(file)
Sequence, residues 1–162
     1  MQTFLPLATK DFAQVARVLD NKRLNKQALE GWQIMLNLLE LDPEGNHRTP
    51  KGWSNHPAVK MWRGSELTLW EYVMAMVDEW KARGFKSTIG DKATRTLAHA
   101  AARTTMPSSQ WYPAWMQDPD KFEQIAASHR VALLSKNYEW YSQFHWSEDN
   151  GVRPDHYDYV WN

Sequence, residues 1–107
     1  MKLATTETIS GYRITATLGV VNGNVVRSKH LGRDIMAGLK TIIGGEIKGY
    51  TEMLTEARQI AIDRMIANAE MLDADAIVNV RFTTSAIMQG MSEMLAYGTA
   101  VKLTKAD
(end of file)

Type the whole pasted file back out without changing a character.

Sequence, residues 1–162
     1  MQTFLPLATK DFAQVARVLD NKRLNKQALE GWQIMLNLLE LDPEGNHRTP
    51  KGWSNHPAVK MWRGSELTLW EYVMAMVDEW KARGFKSTIG DKATRTLAHA
   101  AARTTMPSSQ WYPAWMQDPD KFEQIAASHR VALLSKNYEW YSQFHWSEDN
   151  GVRPDHYDYV WN

Sequence, residues 1–107
     1  MKLATTETIS GYRITATLGV VNGNVVRSKH LGRDIMAGLK TIIGGEIKGY
    51  TEMLTEARQI AIDRMIANAE MLDADAIVNV RFTTSAIMQG MSEMLAYGTA
   101  VKLTKAD